Nearly two thirds (64%) think traffic is too fast on some or all local roads for the safety of kids on foot and bikes and 65% want action to make walking and cycling safer around schools, homes and in town and village centres.
However six in ten (63%) admit to driving at 35mph or faster in a 30 limit and 29% do this at least once a week.
Two thirds (67%) explained they feel pressure from other drivers to go faster in built up areas, while a third (33%) say they give in to this pressure to make them drive faster.
Five children under 16 are killed or seriously injured when walking or cycling every day in the UK. Reducing vehicle speeds can make a massive difference to the safety of kids on foot and riding bikes. At 20mph, drivers have much more time to react, to help them stop in time if they need to, for example if a child runs out into the road.
Brake an independent road safety charity and Direct Line Insurance commisioned a survey of 1,000 drivers from across the UK.
Brake is urging drivers everywhere to help make roads safer for kids by committing to slow down to 20mph around homes, schools and shops, even where the limit is 30mph. Through the GO 20 campaign, it is also calling for 20mph limits to become the norm across built-up areas. It is calling for more safe pavements, paths and crossings, so children and adults can walk and cycle for their health and enjoyment, and for cheap and sustainable travel, without being or feeling endangered.
Julie Townsend, deputy chief executive, Brake, said:
While it’s important kids and young people receive road safety education, it’s crucial that drivers take on the ultimate responsibility for protecting children on foot and bike. Our research shows there’s a contradiction in what some drivers say they want and the way they behave at the wheel. As well as campaigning for government and local authorities to do more to reduce speeds in communities to tackle pedestrian and cyclist casualties and create nicer places to live, we’re appealing to drivers everywhere to do their bit too. By slowing down to 20mph around homes, shops and schools, you’ll be helping to save lives, and enabling kids to walk and cycle more in their neighbourhoods.
Inspector Paul Cording of North Yorkshire Police’s Roads Policing Group, said:
Speeding is one of the major concerns highlighted to us by members of the public. Not only is inappropriate and excessive speed a cause of deaths and serious injuries and one of the four most common causes of road deaths, it can also have an impact on the quality of life for people who have a right to feel safe in their communities.
Casualty figures speak for themselves with speed being a contributing factor in around one fifth of all fatal collisions in North Yorkshire. We can’t stress how important it is to take heed of the speed limit and remember that it is a limit, not a target and motorists should reduce their speed according to the prevailing conditions and potential hazards at the time.
Traffic increases during school term time and there will be more pedestrians out and about at key times, the weather will soon be autumnal bringing with it different hazards and drivers should factor all these additional risks into their journey planning.
Advice for parents
Deciding to let children walk or cycle to school unsupervised is a difficult decision for many parents, who are faced with having to weigh up the benefits of their child living an active lifestyle with the threat of their child being hurt by drivers. Research shows many are put off letting their child get out and about by traffic danger . Making roads safer helps more parents to let kids walk or cycle.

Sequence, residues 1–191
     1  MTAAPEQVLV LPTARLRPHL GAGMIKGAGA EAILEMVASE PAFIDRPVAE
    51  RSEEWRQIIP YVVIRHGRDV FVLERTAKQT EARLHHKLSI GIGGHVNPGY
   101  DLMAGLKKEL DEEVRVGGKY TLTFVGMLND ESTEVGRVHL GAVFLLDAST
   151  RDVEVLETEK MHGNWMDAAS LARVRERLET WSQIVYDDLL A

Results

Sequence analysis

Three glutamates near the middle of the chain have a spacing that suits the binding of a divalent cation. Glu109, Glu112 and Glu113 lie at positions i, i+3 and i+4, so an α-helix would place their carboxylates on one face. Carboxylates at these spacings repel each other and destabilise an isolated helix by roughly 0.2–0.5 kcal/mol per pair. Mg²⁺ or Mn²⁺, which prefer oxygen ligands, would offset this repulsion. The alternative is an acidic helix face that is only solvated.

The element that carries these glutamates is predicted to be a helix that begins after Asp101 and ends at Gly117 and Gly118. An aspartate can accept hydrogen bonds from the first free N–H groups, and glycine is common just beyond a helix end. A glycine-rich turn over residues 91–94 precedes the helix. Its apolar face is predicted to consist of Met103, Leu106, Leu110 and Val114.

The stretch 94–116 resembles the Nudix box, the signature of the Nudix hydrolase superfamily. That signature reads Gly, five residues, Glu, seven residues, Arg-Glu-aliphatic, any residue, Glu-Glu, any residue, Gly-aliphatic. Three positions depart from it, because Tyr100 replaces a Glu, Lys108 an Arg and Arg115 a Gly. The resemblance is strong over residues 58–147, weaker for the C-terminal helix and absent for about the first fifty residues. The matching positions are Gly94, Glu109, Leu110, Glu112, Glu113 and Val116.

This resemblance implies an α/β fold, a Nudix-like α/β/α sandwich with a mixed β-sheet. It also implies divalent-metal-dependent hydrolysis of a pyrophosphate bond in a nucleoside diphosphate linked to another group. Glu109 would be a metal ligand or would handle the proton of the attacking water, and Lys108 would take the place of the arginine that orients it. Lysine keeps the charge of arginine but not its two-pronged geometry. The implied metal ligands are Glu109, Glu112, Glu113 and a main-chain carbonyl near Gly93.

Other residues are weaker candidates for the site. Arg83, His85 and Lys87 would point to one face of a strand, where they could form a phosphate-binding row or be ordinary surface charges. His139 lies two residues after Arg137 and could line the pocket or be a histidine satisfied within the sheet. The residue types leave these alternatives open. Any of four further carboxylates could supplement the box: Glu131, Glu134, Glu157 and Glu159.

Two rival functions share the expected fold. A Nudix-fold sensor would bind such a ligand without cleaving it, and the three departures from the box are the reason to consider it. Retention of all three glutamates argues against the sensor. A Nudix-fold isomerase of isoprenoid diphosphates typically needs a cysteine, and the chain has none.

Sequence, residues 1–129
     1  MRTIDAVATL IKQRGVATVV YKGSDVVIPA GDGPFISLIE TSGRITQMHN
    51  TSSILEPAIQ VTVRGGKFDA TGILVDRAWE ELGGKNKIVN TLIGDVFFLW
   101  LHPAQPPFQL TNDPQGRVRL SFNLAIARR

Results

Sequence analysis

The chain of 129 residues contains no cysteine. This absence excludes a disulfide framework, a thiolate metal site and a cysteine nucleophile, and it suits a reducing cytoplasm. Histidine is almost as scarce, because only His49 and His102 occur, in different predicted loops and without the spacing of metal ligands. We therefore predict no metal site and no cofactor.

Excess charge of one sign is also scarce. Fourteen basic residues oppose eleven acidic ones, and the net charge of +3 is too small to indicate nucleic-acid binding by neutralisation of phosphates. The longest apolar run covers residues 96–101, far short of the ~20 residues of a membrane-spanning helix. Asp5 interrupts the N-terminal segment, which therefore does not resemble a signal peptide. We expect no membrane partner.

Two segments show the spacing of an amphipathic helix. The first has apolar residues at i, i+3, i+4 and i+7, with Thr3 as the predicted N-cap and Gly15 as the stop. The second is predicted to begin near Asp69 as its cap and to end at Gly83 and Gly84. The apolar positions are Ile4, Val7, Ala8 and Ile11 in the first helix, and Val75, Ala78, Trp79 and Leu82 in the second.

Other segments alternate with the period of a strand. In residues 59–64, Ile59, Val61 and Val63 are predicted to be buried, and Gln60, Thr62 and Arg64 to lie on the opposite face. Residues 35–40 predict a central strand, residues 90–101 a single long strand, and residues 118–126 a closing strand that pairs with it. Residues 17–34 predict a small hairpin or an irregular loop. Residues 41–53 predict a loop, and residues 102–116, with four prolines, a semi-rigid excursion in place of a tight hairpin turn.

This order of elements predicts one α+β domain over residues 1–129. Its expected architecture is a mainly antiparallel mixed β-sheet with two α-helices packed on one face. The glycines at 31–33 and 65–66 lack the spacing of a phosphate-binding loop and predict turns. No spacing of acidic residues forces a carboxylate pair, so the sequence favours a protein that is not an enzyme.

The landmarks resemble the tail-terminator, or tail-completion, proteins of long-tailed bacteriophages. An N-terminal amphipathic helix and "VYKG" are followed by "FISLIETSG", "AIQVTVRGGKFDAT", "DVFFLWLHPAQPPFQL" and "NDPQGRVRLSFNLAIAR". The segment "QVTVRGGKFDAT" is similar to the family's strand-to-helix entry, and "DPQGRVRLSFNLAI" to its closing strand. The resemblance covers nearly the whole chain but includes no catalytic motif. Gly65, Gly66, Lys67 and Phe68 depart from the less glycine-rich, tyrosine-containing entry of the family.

Parents who are worried that their child’s route to school isn’t safe enough have a number of options. If it’s possible, they could walk with their child to school, helping to keep them safe, or set up a walking bus with the help of other parents. They could also work with the school to set up a local campaign for safer roads, calling for measures such as a 20mph limit, crossings, pavements and paths. They can also check if their child’s school runs pedestrian and cyclist training, and encourage them to contact the local authority to provide this if they don’t.
Within the past 12 months, how often have you driven at 35mph or faster in a 30mph zone?
4 % said daily or more than once a day
12% said several times a week
13% said about once a week
11% said about once a month
23% said less than once a month
37% said never
Within the past 12 months, how often have you felt under pressure from other drivers to drive faster when in built up areas?
6% said daily or more than once a day
24% said several times a week
16% said about once a week
10% said about once a month
11% said less than once a month
34% said never
How often did this pressure make you drive faster?
1% said daily or more than once a day
6% said several times a week
8% said about once a week
6% said about once a month
12% said less than once a month
66% said never
Do you think traffic in your neighbourhood is too fast for the safety of children or adults on foot or bicycle?
24% said yes, traffic is too fast on most/all local roads for safety
40% said yes, traffic is too fast on some local roads for safety
37% said no
Do you think more needs to be done to make walking and cycling safer around schools, homes and town/village centres in your area?
38% said yes, we need some/more cycle paths
15% said yes, we need some/more pavements
25% said yes, we need some/more crossings
29% said yes, we need some/more 20mph limits
21% said yes, we need safer junctions for cyclists
22% said no, we already have the above measures
13% said no, I don’t think more needs to be done